Careers, physics, and the challenge of renewable energy
Renewable energy and careers
Putting the world on a path toward renewable energy will require both brilliant new ideas and also careful re-engineering of existing technologies. Physics underlies all aspects of renewable energy, from the invention of new types of solar cells to schemes for beaming microwave energy to Earth from orbiting solar power satellites. There are many exciting careers in these fields awaiting you. The examples below should provide you a start for researching the connection between physics and your future career.
The ebb and flow of the tides release daily more than five times the total energy consumption of the human race. Environmental engineers are working on ways to convert some of this energy to useful electricity. Tidal power devices have to withstand harsh weather, the ceaseless beating of waves, and the corrosive effects of salt water. Demonstration power plants are working in several areas of the world, but more ideas and better technologies are still needed.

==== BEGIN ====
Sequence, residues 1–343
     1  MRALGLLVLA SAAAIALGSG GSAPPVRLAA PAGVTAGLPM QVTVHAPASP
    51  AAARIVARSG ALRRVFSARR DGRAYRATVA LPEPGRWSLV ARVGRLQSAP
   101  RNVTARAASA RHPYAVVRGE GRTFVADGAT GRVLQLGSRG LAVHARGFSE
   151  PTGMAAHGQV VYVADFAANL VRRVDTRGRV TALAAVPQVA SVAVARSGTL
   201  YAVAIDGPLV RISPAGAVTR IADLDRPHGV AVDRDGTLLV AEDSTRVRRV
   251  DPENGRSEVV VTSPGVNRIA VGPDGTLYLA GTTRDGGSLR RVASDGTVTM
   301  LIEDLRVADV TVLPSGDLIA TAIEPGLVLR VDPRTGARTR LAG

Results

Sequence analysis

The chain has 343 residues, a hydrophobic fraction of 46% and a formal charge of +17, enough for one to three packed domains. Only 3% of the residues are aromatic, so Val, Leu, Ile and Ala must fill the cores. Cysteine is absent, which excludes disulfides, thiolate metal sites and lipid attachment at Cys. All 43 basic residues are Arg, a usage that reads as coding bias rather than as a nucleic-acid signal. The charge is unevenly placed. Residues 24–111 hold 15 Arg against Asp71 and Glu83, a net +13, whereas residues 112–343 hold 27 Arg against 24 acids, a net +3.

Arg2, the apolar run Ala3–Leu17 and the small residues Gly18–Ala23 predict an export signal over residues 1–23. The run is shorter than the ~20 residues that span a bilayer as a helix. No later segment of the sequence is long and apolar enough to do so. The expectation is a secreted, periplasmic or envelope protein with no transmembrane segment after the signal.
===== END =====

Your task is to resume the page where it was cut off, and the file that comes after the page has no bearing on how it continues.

The rate at which wind and solar sources produce electricity goes up and down constantly and depends upon weather and season. Demand for electricity also goes up and down. How do we build and manage the complex network needed to match ever-changing power capacity to an ever-changing demand? Design of a world-spanning smart power grid is an enormously complex task awaiting tomorrow’s electrical engineers.
Photovoltaic cells use the photoelectric effect to transform sunlight into electric current. The process, however, is only 14% efficient and very expensive. Are there better ways to convert sunlight into electricity? Engineers and materials scientists are working toward building a synthetic “leaf” that uses a nanotechnology form of photosynthesis.
Architects can design structures that heat, cool, and light themselves with a minimum of fuel or electricity. How? By channeling sunlight, breezes, and geothermal energy into interior spaces that are insulated against sudden temperature changes. Thermodynamics, optics, and fluid dynamics all support this increasingly valued specialty.
Test your knowledge
Explain how physics might be relevant to the practice of energy-efficient building design.
To reduce a building’s use of fuel or electricity, an architect needs to understand how different materials retain or transmit heat (thermodynamics), how sunlight can be used to light indoor spaces (optics), how prevailing winds can be tapped for energy generation or passive cooling (fluid dynamics), and many other applications of the physics of energy.